Dismiss Notice
Join Physics Forums Today!
The friendliest, high quality science and math community on the planet! Everyone who loves science is here!

Spherical Harmonic Wave Function =? 3D Wave Function

  1. Aug 29, 2011 #1
    1. The problem statement, all variables and given/known data
    Prove that the spherical harmonic wave function [tex] \frac{1}{r}e^{i(kr-{\omega}t)} [/tex] is a solution of the three-dimensional wave equation, where [tex] r = (x^2+y^2+z^2)^{\frac{1}{2}} [/tex]. The proof is easier if spherical coordinates are used.

    2. Relevant equations

    Wave function: [tex] \frac{{\partial}^2U}{\partial x^2} + \frac{{\partial}^2U}{\partial y^2} + \frac{{\partial}^2U}{\partial z^2} = \frac{1}{u^2} \frac{{\partial}^2U}{\partial t^2}[/tex]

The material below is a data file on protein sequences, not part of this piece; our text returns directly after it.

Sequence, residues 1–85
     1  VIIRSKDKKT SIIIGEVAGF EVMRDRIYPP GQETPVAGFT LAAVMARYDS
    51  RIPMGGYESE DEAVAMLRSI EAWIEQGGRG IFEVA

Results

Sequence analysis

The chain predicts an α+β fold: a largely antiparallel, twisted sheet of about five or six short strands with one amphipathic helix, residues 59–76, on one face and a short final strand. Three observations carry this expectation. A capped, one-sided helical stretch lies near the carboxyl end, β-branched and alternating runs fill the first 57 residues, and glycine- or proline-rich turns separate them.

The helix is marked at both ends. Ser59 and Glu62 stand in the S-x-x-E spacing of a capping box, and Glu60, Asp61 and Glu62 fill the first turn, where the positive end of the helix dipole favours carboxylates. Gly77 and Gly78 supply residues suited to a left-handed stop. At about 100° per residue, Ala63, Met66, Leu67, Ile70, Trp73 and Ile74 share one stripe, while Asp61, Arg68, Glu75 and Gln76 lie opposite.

3. The attempt at a solution

    I really just don't even know where to start. Do I first convert the x,y,z into polar coordinates? or do I just substitue what's above in for r? But then what's up with imaginary part?
     
  2. jcsd
  3. Aug 30, 2011 #2

    vela

    User Avatar
    Staff Emeritus
    Science Advisor
    Homework Helper
    Education Advisor

    You wrote the wave equation using Cartesian coordinates. More generally, you can write it as[tex]\nabla^2 U = \frac{1}{u^2}\frac{\partial^2 U}{\partial t^2}[/tex]
    In your textbook, you can probably find how to write the Laplacian [itex]\nabla^2[/itex] using spherical coordinates. (Or just Google it.)
     
Know someone interested in this topic? Share this thread via Reddit, Google+, Twitter, or Facebook

Have something to add?